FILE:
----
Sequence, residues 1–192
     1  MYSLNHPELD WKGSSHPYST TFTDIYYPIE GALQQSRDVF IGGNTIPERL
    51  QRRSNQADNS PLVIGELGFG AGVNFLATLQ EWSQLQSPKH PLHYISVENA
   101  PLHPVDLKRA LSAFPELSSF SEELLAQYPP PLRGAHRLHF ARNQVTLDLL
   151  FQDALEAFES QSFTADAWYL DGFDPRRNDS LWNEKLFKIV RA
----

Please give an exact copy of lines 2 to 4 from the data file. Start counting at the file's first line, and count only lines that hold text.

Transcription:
     1  MYSLNHPELD WKGSSHPYST TFTDIYYPIE GALQQSRDVF IGGNTIPERL
    51  QRRSNQADNS PLVIGELGFG AGVNFLATLQ EWSQLQSPKH PLHYISVENA
   101  PLHPVDLKRA LSAFPELSSF SEELLAQYPP PLRGAHRLHF ARNQVTLDLL